holy city . . The only cities referred to as "Holy" are Jerusalem, and the New Jerusalem.

How, and Why would "Rome" be called the "holy city"? Jerusalem, (the city where our Lord was crucified, Revelation 11:8) and unbelieving Israel are the one facing God’s wrath in Revelation and not the city of Rome.

the holy city shall they tread under foot . . Jerusalem was the once holy city: but was no longer that. It was here called holy because of its past association with the covenanted and the sainted ancestors. "How is the faithful city become harlot! it was full of judgment; righteousness lodged in it; but now murderers." (Isaiah 1:21)

"0 Jerusalem, thou that killest the prophets, and stonest them which are sent unto thee . . . Behold, your house is left unto you desolate." (Matthew 23:37-38) By divine decree Jerusalem was to be desolated and "trodden down of the Gentiles." (Luke 21:24) The judgment had already been passed, and John was commanded to leave Jerusalem out, and "measure it not," as that which had been cast away. - Wallace

Gentiles … will trample on the holy city . . May refer to Rome destroying the Jerusalem temple (cf. Luke 21:24) or unbelievers persecuting God’s people, heirs of the “new Jerusalem” (Revelation 21:2). - NIVZSB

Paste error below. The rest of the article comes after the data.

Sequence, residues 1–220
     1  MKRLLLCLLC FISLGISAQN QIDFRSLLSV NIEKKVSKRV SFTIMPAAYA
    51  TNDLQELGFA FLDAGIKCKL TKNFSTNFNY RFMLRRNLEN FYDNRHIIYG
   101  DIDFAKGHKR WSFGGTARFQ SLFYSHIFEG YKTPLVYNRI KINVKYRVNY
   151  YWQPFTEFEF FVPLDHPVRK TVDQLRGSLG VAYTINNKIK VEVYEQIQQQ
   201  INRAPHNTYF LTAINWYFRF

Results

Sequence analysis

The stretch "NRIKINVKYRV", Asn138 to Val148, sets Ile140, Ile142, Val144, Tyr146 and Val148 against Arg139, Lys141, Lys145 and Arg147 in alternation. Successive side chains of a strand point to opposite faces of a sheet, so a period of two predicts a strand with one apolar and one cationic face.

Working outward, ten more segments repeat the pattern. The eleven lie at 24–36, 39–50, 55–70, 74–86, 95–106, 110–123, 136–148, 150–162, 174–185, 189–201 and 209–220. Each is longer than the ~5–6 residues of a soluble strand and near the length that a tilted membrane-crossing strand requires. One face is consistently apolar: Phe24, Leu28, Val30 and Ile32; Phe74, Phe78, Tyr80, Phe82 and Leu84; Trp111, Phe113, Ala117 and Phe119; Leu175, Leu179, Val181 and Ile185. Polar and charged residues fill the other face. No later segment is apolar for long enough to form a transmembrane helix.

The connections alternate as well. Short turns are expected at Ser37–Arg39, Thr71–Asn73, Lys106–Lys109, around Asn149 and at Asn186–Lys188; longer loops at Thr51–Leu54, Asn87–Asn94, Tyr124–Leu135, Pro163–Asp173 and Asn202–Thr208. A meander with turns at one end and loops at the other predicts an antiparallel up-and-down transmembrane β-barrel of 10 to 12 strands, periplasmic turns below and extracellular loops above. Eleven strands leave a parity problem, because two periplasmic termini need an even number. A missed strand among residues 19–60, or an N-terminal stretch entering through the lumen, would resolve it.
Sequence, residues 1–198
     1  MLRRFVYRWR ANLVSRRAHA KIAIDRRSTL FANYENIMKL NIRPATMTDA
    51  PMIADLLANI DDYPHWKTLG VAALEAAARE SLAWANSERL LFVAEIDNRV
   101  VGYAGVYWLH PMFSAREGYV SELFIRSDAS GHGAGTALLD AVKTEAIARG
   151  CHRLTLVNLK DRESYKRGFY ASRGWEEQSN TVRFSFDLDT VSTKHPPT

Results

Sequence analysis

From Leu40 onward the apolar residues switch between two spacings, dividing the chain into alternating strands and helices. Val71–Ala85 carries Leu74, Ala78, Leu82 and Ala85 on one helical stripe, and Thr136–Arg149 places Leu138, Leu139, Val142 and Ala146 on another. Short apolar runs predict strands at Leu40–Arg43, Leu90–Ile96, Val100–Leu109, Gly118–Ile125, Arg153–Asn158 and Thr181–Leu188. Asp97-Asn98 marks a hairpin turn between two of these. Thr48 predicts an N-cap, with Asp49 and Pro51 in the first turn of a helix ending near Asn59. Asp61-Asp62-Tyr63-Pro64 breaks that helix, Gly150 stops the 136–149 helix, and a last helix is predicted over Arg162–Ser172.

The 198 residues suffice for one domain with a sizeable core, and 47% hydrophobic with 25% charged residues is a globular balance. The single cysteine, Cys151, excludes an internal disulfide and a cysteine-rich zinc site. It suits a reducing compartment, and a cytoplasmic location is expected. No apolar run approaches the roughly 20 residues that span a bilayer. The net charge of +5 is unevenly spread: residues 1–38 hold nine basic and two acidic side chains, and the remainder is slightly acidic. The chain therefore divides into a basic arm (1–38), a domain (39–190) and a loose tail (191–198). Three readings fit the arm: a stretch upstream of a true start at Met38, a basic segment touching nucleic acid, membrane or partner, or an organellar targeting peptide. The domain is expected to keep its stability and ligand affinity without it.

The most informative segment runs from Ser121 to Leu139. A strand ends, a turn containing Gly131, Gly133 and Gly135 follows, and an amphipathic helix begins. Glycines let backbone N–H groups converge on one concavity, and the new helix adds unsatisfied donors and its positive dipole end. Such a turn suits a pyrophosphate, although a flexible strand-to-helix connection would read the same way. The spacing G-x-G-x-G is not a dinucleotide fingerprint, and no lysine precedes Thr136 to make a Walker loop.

forty-two months . . = Luke 21:24 = 3 1/2 years, or times (2) and time (1) and 1/2 a time, or 1260 days. They are all equal!

The time of the influx of the warring, persecuting powers who invaded Jerusalem in AD 67 and the Romans invading Galilee and proceeding to capture Jerusalem in AD 70 was 3 1/2 years. - See Josephus.

forty two months . . Restated in Revelation 11:3 as 1,260 days (compare Revelation 12:6; Revelation 1:1). Both figures define, according to traditions from Daniel, the length of the persecution of God’s people (e.g., Daniel 7:25; Revelation 12:11-12). - FSB

forty and two months . . Revelation 11:2-3 Revelation 12:6 Revelation 13:5. From the imperial order and the beginning of the siege to its end and completion it was forty-two months, or a thousand two hundred and threescore days, or the oft-mentioned twelve hundred and sixty days--that was the exact period of time, as a matter of historical record, which covered the events of the siege and destruction of Jerusalem.

An example of such necessary mathematical application is in the prophecy of Isaiah concerning the end of the ten tribes, Isaiah 7:1-9. - Wallace

42 months . . Equivalent to 1,260 days (v. 3; 12:6) and “a time, times and half a time” (Revelation 12:14; cf. Daniel 7:25; Revelation 12:7). May denote a literal time period ... - NIVZSB

Because this language echoes Jesus’ prediction of Jerusalem’s destruction (Luke 21:24; cf. Daniel 8:13), some believe that Revelation was written before a.d. 70 and predicted that disaster. Again, however, others do not think that “the holy city” (cf. Revelation 21:2; Revelation 22:19) refers to earthly Jerusalem. Instead, they understand it as a reference to the true church. They argue that Revelation 11:8 implies that the earthly Jerusalem that rejected its Messiah now belongs to “the great city,” along with Sodom and Egypt (see Revelation 17:18) - ESVSB

Verse 3

And I will grant authority . . This seems to imply God the Father speaking because Jesus is referred to in Revelation 11:8. - Utley